The backbone of the kingdom’s economy was mining iron and gold. They used iron to make tools and weapons which made the empire strong. They used Gold to trade with other nations for resources such as cloth, tools, and livestock.
The king would spread his power and influence internationally through trade. Ghana was bartering gold and ivory for salt and horses from Arabs, cloth, books and swords from North Africans and Europeans.
The ancient kingdom of Ghana was so rich in gold that it achieved its wealth through trade with Arabs. Arab merchants travelled for approximately two months through the desert to Ghana to do business. These merchants were taxed for what they brought in and took out of Ghana. Because of this system, Ghana got rich very quickly.
Government & Politics of the Ancient Kingdom of Ghana
The first king of the kingdom was Dinga Cisse. The kingdom had a feudal government which consisted of local kings. These local kings paid tribute to the high king but they were able to rule their lands as they saw fit.
The king was known as Ghana or war chief and whatever he said was law. He was the head of justice, commander of a very organised army and controlled trade activities. Mayors, counsellors, ministers and civil servants were chosen by the king to assist with administrative duties but the king was always in charge.
Every day the king would assemble his court and allow people to voice their complaints publicly. They were normally neighbourly conflicts and violated rights and the king listens and passed judgements. The hearings were normally peaceful unless they were criminal. The two most serious criminal offences were denying debt and killing. These crimes were tried and this occurred by the criminally accused drinking a foul beverage which consisted of sour and bitter-tasting wood and water. If the accused omitted after drinking this beverage, they would be classed as innocent and congratulated for passing the test. If they did not vomit, they were classed as guilty and suffered the king’s wrath.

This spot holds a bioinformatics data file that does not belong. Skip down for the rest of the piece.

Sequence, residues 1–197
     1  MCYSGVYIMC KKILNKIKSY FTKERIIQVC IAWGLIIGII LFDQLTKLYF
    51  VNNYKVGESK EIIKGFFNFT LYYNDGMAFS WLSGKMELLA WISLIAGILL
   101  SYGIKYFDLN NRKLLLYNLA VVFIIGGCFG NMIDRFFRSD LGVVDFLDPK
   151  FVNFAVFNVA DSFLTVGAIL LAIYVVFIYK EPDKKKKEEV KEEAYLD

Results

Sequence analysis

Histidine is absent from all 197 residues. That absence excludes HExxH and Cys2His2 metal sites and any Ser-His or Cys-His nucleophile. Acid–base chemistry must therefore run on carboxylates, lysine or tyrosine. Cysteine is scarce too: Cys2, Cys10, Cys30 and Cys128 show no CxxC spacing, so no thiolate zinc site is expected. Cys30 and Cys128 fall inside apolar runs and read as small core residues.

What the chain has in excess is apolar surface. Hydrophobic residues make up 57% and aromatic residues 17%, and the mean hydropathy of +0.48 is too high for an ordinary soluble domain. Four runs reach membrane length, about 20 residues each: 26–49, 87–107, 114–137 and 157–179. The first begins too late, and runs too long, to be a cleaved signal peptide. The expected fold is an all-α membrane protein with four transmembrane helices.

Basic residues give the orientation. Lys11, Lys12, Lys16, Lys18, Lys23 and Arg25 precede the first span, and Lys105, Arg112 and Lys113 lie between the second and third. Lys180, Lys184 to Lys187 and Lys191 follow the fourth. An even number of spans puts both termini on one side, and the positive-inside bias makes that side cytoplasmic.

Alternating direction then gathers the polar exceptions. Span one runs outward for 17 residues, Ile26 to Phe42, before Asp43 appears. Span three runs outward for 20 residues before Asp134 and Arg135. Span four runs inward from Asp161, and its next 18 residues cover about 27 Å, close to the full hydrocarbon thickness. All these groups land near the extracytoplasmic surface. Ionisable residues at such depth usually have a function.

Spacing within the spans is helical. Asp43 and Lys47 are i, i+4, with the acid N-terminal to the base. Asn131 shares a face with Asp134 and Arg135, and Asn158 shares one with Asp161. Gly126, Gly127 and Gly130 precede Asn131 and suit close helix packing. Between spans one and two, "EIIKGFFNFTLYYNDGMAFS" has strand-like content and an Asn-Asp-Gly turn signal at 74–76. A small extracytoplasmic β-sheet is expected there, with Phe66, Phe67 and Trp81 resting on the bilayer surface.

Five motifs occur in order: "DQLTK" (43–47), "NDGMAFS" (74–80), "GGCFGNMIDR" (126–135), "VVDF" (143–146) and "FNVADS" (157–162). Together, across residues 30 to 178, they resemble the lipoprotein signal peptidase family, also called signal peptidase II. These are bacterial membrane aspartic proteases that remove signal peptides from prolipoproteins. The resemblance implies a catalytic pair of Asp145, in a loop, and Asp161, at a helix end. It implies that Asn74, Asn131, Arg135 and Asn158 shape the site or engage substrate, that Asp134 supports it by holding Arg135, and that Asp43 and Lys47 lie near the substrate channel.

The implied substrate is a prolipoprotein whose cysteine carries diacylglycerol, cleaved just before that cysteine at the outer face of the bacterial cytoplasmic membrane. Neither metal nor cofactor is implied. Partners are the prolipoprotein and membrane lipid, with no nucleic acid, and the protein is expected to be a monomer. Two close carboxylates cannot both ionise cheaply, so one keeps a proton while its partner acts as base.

The people of lands that were conquered were under supervision for their loyalty as well as their behaviour. If order and obedience were maintained through taxes being paid properly, they would get independence. In areas where they defied the king’s laws, Ghanaian governors were chosen to be watchdogs and reported everything to the king.
Fall of the Ancient Kingdom of Ghana, the rise of the Mali Empire.
Based on accounts from Ibn Khaldan, the ancient kingdom of Ghana was overthrown by the Sosso. Around 1050 CE, the empire was under attack from nations in Northern Africa due to the kings of Ghana refusing to convert to Islam despite pressure from Muslims in the north to convert. Attacks from a Muslim group called Almoravids and the Sosso weakened the empire of Ghana until it became part of the Mali Empire.
“Ghana.” In Encyclopaedia Britannica. Accessed November 5, 2022. https://www.britannica.com/place/Ghana-historical-West-African-empire.
“Empire of Ancient Ghana.” Ducksters. Accessed November 15, 2022. https://www.ducksters.com/history/africa/empire_of_ancient_ghana.php.
“West African Kingdoms.” USHistory.org. Accessed November 20, 2022. https://www.ushistory.org/civ/7a.asp.